Braudis called into Kobe case | AspenTimes.com
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Braudis called into Kobe case

Randy Wyrick
and Naomi Havlen

The Pitkin County Sheriff’s Office will investigate alleged leaks to media that violate a judge’s gag order in the Kobe Bryant sex assault case, Sheriff Bob Braudis said Wednesday.

Eagle County Judge Frederick Gannett’s order for a special investigator, during the NBA star’s initial court appearance, came in response to a request from Bryant’s attorneys.

The lawyers said recent news reports quoted anonymous sources describing injuries to Bryant’s accuser and the amount of time she spent in his hotel room. Reports also said Bryant gave inconsistent statements to law enforcement officials.

Braudis said he agreed to the investigation request, but said he didn’t have much to add about the case.

“It’s an independent investigation into alleged violations of the court order,” he said. “At this point we will await marching orders from the court. I have no specifics at this time.”

Gannett said a Pitkin County Sheriff’s investigator will try to determine what leaks, if any, are responsible for information from the sealed criminal investigation file being broadcasted and published.

“I am concerned that some of the reports in the press appear to address issues not generally available to the public,” Gannett said. “This is another opportunity for me to remind everyone involved to be careful.”

Bryant’s attorneys, Harold Haddon and Pamela Mackey, wrote in the motion that Eagle County Sheriff Joseph Hoy, his investigators and other law enforcement officials might have violated the July 24 judicial order regarding pretrial publicity limitations in the high-profile case.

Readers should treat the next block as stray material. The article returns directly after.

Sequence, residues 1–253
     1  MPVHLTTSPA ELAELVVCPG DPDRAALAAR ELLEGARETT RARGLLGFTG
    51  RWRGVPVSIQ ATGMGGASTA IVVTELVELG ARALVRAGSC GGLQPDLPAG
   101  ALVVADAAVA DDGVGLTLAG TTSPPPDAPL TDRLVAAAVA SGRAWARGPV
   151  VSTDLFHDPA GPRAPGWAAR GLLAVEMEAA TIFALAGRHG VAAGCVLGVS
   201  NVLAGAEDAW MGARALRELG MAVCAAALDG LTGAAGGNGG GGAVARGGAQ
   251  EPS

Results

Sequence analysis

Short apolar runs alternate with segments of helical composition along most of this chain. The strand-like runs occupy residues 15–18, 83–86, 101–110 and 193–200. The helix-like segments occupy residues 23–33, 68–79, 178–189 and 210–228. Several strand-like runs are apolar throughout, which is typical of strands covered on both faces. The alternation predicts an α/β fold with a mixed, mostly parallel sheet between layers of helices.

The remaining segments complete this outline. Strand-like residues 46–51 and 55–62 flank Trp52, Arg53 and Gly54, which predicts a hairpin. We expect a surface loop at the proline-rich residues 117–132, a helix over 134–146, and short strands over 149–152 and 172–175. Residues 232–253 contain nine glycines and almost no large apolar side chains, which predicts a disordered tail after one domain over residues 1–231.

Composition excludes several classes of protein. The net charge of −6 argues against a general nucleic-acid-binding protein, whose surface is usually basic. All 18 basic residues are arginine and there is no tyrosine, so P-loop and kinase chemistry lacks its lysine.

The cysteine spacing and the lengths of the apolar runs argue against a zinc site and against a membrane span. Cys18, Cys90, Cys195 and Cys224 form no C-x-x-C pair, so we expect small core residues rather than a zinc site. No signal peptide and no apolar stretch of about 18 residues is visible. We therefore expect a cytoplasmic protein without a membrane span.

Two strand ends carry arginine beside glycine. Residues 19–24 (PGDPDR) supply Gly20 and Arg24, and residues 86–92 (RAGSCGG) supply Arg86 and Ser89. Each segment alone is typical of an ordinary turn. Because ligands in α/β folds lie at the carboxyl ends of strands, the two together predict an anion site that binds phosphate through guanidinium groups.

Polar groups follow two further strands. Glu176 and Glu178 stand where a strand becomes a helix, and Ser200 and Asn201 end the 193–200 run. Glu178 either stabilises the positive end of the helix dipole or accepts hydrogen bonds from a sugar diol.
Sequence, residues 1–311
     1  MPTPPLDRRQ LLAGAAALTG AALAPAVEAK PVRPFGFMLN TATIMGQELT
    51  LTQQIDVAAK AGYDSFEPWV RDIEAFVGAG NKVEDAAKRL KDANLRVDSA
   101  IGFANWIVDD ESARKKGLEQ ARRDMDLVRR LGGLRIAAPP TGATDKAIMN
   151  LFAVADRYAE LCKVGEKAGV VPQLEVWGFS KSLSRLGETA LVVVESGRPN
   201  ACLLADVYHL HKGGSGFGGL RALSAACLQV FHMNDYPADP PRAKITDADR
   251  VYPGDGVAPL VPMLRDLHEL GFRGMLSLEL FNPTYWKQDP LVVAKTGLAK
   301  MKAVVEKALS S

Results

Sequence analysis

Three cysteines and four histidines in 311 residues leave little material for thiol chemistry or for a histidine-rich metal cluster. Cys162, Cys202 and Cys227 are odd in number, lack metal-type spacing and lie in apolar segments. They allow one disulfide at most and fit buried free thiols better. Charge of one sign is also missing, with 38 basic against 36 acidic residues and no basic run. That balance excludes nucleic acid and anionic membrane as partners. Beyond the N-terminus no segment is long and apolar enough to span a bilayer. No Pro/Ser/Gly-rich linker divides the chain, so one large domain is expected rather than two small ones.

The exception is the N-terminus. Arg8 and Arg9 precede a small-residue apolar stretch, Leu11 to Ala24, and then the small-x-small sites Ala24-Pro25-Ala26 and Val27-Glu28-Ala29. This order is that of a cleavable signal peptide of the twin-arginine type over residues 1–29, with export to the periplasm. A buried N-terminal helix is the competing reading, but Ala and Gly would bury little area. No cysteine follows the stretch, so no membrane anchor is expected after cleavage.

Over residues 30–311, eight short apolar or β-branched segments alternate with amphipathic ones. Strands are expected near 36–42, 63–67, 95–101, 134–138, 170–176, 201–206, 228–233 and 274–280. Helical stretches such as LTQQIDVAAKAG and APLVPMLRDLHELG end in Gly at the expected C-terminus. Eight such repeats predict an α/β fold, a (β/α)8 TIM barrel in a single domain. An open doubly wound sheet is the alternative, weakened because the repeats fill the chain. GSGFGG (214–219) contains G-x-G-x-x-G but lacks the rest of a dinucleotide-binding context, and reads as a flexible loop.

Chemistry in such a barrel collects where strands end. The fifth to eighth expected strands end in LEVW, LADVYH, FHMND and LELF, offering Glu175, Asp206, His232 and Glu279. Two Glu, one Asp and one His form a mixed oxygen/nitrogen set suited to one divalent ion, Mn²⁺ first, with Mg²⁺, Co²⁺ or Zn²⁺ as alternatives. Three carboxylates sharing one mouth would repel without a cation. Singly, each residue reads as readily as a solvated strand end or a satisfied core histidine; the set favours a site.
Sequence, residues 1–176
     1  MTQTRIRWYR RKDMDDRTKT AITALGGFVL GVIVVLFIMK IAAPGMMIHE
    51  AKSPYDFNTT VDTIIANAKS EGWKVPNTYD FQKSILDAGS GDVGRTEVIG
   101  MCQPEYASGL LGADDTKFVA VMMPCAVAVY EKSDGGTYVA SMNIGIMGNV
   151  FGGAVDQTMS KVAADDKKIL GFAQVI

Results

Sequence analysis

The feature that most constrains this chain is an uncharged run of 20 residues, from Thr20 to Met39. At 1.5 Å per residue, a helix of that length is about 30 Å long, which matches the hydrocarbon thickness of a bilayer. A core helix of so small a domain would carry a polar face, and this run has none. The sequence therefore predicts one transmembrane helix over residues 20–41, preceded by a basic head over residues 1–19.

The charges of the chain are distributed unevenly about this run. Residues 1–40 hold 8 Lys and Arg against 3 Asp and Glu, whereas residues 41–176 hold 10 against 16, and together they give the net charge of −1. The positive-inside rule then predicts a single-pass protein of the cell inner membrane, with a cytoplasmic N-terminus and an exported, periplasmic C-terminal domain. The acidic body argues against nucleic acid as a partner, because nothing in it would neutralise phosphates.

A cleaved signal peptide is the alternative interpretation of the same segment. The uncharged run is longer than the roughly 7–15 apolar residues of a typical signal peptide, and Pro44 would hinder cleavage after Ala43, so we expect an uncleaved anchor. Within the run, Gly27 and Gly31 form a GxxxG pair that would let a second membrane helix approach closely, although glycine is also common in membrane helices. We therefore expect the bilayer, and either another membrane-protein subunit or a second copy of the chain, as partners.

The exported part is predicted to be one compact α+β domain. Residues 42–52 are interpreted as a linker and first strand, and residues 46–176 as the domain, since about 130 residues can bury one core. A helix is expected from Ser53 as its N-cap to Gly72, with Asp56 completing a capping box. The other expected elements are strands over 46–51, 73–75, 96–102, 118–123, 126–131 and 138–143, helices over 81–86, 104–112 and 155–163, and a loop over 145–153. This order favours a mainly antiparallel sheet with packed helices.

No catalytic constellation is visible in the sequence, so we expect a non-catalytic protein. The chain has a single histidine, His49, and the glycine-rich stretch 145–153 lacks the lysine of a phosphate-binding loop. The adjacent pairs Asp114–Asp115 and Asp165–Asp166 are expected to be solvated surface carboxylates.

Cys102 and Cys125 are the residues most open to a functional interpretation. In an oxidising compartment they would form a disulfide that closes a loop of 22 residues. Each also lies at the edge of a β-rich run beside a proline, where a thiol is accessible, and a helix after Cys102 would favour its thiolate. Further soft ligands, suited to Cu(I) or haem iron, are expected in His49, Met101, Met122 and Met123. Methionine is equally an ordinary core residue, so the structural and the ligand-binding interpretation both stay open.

The evidence cited by Mackey and Haddon include two July 31 reports by ABC/ESPN and The Rocky Mountain News. The ABC/ESPN story said “sources familiar with the prosecution’s case” revealed details about the alleged victim’s physical injuries and reported that Bryant “intentionally deceived law enforcement officials.”

In his original motion, Haddon asked for a hearing “where all law enforcement officers who are or have participated in the investigation of this matter answer under oath regarding their statements to the media. Any law enforcement officer found in violation of the order should be sanctioned for contempt.”

Sheriff Hoy said he doesn’t believe there were any leaks from his office.

District Attorney’s Office spokeswoman Krista Flannigan told The Associated Press that there has been no internal probe in Hurlbert’s office to determine if it is the source of the leaks.

“The district attorney believes he has a very professional staff with a lot of integrity, so there has not been any need to do that,” she told an AP reporter.

Media leaks would violate Gannett’s order barring attorneys from both sides and court officials from discussing the case in public.

Gannett said the idea of procuring a special investigator originated with Haddon, who agreed with District Attorney Mark Hurlbert that the situation needed to be investigated.

Gannett said he called Braudis Wednesday morning, and by midday Braudis had agreed to provide an investigator to look into the matter.

Sheriff Hoy said he immediately informed members of his office to “extend to the appointed investigator every cooperation and professional courtesy.”

The investigator, who has not yet been named, will question officials from both sides, then make a report to Gannett and the attorneys.

Gannett praised Haddon and Hurlbert for coming to the idea together. He said the investigator’s report could result in a hearing, if necessary, and those responsible for the alleged leaks would be called to explain their actions.


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